Few people I’ve met are as “off” as Shannon Bryan.

So I know it will be no small task to take over the “Off Beat” column from her beginning this week. But she has moved on to new duties at MaineToday Media, so I’ll do my best to find the wackiest events offered around the state.

No matter how far off the beaten track they may be.

From cardboard boats to high-heel races, this column will continue to uphold a high standard when it comes to weirdness.

Keeping that in mind, consider this week’s wacky event: a cabaret-style musical adaptation of William Shakespeare’s “Hamlet” featuring the songs of Dusty Springfield and Irving Berlin.

“Welcome Home, Hamlet” focuses on the Danish prince as he comes home for Thanksgiving to find that, among other things, there’s a dance club in the castle basement. The show plays for one night – Saturday – at the Stonington Opera House.

Stephanie Dodd, one of the two women who wrote the show, said that as an actress, it has always been her dream to play all of Shakespeare’s “ladies.” She’s been in many serious versions of Shakespeare plays, and calls herself a “super Shakespeare dork.”

But she’s also a working actress in New York, so she needs to be creative and create work for herself when she’s between more conventional gigs. This show was one of those ventures.

“Sometimes you’re out of work for a while so you have to develop your own project, and this one was just meant to be,” she said from her home in New York City.

The idea for the play began about four years ago. Dodd had worked with the show’s co-writer, Rachel Murdy, in a production of “Romeo and Juliet.”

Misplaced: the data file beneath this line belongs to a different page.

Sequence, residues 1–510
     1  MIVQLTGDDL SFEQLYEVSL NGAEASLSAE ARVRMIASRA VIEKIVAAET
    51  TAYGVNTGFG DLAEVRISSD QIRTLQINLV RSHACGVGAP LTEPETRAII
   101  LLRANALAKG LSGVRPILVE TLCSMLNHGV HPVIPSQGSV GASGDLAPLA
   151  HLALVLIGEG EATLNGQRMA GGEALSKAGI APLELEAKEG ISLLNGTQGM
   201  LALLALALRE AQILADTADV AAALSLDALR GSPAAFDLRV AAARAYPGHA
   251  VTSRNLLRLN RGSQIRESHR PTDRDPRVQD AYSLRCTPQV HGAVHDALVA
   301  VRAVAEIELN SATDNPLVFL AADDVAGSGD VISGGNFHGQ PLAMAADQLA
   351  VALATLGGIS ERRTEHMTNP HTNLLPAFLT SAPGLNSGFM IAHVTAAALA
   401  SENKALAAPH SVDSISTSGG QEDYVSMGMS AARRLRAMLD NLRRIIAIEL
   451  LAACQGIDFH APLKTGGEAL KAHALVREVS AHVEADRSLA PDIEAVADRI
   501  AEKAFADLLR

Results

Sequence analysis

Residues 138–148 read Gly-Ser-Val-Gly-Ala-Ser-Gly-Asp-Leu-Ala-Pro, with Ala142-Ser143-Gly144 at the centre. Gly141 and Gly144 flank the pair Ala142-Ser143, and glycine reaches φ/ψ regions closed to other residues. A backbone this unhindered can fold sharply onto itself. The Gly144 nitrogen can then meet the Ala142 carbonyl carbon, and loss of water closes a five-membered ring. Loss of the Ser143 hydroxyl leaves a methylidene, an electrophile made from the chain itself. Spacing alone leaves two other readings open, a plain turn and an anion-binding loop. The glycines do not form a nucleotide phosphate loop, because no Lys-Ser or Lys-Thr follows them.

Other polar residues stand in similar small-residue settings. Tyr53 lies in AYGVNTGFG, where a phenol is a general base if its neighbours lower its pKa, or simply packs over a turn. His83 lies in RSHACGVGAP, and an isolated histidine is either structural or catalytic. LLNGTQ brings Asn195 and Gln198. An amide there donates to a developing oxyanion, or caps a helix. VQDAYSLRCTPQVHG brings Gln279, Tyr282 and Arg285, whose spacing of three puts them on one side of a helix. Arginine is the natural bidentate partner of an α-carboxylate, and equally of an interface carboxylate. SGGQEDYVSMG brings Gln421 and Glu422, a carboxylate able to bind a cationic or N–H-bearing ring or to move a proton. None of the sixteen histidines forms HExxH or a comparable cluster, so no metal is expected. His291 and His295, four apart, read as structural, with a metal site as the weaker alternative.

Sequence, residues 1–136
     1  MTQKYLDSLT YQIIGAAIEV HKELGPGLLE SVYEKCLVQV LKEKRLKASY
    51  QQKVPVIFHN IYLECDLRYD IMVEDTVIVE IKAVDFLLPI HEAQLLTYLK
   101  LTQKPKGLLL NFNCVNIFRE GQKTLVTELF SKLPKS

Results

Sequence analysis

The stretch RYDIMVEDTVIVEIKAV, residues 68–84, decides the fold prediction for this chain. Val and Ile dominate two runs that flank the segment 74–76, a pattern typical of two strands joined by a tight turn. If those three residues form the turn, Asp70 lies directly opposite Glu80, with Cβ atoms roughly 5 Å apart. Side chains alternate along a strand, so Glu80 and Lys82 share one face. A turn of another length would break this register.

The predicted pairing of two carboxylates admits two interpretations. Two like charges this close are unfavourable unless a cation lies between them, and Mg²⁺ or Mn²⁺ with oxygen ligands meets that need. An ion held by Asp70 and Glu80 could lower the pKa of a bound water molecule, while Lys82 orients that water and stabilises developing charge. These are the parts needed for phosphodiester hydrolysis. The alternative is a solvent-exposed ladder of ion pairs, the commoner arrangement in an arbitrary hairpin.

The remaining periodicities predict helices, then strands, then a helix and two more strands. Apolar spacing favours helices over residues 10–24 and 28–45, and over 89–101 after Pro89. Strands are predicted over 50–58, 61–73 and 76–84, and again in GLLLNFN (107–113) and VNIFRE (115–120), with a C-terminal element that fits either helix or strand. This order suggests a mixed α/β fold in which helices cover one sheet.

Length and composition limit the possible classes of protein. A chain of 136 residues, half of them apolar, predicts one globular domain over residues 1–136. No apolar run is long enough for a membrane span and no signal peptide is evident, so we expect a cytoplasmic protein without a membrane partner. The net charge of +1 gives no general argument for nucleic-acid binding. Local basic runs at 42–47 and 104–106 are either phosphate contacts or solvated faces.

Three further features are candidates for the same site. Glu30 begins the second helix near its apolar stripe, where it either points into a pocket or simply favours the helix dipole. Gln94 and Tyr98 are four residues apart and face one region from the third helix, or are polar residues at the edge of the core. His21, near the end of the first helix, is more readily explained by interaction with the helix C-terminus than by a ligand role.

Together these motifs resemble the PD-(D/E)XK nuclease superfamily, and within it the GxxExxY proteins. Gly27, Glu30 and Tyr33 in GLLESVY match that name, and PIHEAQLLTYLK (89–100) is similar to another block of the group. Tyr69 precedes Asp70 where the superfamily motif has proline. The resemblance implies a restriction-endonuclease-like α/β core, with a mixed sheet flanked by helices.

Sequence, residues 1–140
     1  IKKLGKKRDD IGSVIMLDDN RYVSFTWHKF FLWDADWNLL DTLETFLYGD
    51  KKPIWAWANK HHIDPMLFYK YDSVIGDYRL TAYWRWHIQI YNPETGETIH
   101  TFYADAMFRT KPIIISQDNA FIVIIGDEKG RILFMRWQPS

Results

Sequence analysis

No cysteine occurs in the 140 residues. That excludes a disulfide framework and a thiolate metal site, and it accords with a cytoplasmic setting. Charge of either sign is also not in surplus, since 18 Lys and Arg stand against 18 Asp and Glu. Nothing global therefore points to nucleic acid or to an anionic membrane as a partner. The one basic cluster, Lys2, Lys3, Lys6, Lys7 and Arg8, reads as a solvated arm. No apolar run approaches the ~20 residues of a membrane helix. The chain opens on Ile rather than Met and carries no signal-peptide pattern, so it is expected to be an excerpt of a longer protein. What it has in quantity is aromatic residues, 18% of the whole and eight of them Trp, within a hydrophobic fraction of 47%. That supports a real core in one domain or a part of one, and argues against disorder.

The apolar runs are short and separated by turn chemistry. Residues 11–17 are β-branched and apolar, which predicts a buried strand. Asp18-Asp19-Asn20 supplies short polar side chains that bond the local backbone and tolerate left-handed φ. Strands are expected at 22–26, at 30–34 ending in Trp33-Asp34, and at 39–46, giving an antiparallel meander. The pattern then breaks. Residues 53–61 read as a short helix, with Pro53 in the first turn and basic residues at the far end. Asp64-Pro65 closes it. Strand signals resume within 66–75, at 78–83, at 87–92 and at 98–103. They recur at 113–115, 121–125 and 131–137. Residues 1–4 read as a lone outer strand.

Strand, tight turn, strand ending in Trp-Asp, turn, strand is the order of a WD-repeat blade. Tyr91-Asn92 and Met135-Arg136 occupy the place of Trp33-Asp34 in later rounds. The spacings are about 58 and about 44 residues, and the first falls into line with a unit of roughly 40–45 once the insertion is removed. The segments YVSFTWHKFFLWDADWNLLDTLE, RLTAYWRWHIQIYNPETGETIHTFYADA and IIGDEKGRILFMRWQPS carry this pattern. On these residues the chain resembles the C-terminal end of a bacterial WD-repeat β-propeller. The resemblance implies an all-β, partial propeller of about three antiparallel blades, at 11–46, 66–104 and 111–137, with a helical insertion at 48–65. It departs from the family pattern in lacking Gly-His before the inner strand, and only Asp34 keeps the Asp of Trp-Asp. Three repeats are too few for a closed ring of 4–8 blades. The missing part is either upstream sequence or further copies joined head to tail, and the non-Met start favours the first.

Sometime after that production, she ran into Murdy in Greenwich Village. Murdy told Dodd she had booked time at a local cabaret, but didn’t have a show to fill it with yet.

“We knew (another actor) who always wanted to play Hamlet, so we thought we’d write a cabaret version of ‘Hamlet,’” Dodd said.

The two writers then got together and took a road trip to Las Vegas to do research and talk about the play. “Las Vegas is a funny place to be talking about ‘Hamlet,’ but I think it worked for us,” said Dodd.

Although it’s a light-hearted musical, “Welcome Home, Hamlet” retains a lot of Shakespeare’s dialogue, Dodd said, but sometimes it’s accented in strange ways. In one scene, Hamlet recites a long passage of dialogue as the song “Ode to My Family” by The Cranberries plays in the background. In another, Ophelia sings a reworked version of Dusty Springfield’s 1966 hit “You Don’t Have to Say You Love Me.”

Murdy said one of her favorite scenes includes Claudius and Hamlet singing an Andrew Lloyd Webber-inspired duet in the chapel.

“The layers of ‘Hamlet,’ ‘Jesus Christ Superstar’ and the guys harmonizing is always a delight to hear and see played out,” she said.

Dodd portrays Ophelia and plays piano for the show. Murdy plays Queen Gertrude.

The show has so far only played in venues around New York City. Dodd and Murdy have worked at the Stonington Opera House in the past, and their show is a good fit for the opera house’s “Shakespeare in Stonington” series of original productions of Shakespeare classics.

The show runs about an hour. There are times when the audience can freely interact with the actors, and at the end, pumpkin pie is served for everyone.

“It’s very free-flowing,” said Dodd.

Any production that blends Shakespeare and Dusty Springfield has to be.

Staff Writer Ray Routhier can be contacted at 791-6454 or at:

[email protected]

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